Architect: Kim Sejin
Madang is an outdoor space in front of a building in traditional Korean architecture. Because Madang is usually empty, it is flexible for various uses. The museum Madang resembles the traditional Madang and has an open facade and three walls shared with other buildings of the MMCA.
Pliable Imagination employs grids. Grids embody both wholeness and partiality by definition, which differentiates grids from other dimensions such as concentrated dots, directed lines, and occupied faces. The virtue of grids makes it possible to use the entire Madang in a non-exclusive way. The grid is designed in accordance with the stone plates spaced evenly on the Madang. Poles are a key design element that materializes the grid, given that the poles in the frame structure are the fundamental structural component that creates varying spaces and functions.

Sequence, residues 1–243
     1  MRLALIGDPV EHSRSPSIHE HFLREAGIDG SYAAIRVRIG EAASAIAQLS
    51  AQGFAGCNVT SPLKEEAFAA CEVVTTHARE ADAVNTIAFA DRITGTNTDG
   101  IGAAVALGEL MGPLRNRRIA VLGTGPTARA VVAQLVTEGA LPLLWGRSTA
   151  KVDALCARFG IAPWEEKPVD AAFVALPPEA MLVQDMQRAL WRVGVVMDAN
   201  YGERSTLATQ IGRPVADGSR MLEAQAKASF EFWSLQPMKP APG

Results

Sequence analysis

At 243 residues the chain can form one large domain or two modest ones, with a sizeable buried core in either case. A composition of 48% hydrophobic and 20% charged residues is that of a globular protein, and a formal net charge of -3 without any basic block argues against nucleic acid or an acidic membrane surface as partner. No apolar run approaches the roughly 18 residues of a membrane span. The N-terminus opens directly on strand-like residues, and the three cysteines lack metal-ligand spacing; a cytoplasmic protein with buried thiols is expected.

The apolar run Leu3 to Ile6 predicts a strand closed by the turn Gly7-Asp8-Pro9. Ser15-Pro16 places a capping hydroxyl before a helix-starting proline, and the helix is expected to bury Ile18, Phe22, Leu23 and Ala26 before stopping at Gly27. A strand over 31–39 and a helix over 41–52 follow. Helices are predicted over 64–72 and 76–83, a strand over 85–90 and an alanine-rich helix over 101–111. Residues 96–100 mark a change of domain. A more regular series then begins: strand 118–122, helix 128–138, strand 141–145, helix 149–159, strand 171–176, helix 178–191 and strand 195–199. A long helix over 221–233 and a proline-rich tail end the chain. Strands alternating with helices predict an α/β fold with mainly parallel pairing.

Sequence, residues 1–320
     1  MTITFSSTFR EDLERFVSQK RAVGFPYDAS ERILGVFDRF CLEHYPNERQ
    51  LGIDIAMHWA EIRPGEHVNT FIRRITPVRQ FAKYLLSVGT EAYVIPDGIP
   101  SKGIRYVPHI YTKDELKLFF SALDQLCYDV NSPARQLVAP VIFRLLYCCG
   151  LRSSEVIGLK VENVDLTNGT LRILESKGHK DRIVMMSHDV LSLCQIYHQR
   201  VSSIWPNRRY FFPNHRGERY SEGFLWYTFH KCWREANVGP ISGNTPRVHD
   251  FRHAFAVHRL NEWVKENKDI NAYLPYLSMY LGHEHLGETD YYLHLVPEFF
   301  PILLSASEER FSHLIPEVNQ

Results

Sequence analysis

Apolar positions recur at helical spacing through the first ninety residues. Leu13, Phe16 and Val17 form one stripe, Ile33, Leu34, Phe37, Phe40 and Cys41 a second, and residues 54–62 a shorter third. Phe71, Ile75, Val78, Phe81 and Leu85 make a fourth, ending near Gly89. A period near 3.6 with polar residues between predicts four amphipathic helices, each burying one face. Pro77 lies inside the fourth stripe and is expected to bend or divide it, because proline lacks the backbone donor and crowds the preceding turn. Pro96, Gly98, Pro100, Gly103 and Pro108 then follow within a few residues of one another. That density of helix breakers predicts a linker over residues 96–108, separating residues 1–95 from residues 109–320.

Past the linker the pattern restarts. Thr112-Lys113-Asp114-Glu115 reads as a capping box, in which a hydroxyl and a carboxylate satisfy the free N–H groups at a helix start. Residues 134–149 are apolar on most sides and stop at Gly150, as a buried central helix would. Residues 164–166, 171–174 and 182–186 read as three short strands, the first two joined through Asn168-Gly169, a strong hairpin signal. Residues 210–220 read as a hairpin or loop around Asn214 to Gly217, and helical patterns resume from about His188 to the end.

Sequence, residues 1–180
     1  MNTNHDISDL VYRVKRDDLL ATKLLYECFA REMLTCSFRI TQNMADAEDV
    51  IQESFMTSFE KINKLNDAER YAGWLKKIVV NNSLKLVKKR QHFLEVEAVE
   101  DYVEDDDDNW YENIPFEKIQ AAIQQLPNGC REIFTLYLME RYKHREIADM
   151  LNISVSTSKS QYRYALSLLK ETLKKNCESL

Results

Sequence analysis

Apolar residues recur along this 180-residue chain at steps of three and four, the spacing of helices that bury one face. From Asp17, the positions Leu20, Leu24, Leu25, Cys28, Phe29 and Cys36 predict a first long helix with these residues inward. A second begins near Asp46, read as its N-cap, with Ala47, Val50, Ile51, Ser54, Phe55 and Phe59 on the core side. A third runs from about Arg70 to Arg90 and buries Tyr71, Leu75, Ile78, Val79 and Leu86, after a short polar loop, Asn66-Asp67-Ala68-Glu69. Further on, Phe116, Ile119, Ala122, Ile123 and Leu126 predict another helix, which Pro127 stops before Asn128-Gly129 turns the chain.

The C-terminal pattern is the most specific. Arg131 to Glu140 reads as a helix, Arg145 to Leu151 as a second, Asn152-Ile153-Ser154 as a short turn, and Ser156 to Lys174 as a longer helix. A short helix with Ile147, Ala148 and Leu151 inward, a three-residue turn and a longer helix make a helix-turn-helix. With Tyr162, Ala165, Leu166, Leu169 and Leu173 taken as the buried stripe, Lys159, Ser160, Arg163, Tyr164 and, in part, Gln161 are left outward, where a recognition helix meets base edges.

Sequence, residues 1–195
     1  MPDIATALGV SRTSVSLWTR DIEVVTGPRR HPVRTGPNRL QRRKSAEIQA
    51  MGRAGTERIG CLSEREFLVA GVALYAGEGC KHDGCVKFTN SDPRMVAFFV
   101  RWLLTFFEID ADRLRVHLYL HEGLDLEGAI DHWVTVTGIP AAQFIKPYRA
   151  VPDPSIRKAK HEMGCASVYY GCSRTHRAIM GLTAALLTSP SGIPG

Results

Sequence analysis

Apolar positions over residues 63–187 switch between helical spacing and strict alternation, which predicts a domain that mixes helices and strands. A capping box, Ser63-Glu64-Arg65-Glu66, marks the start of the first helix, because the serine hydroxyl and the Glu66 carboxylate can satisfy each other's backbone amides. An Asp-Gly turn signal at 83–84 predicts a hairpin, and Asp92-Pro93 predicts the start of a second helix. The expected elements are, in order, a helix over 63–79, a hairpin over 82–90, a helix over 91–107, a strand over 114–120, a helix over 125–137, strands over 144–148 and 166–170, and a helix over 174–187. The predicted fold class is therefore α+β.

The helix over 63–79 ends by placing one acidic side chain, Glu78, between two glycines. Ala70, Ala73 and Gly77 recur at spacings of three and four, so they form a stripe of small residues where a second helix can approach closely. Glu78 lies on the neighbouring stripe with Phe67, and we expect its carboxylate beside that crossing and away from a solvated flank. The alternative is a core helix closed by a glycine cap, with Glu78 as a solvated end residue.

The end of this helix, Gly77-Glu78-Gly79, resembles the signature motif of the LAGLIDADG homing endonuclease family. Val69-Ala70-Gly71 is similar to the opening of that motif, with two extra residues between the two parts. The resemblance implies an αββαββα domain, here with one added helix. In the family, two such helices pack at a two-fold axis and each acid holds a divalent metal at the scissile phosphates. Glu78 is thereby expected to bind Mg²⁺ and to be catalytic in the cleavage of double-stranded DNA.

Two additional elements that comprise Pliable Imagination are water channels and white boxes. Water channels connected to the existing drain facilities are designed to let visitors play with the water. White boxes are laid all around the Madang to offer seating for visitors.
Pliable Imagination aims to create space by using a system that organizes and aggregates objects. Visitors make changes to the museum Madang by tying or untying fabric to poles, by running or stopping water in the channels, or by moving white boxes here and there. It is another essential point that space is in a state of ongoing change initiated by visitors, not by the architect.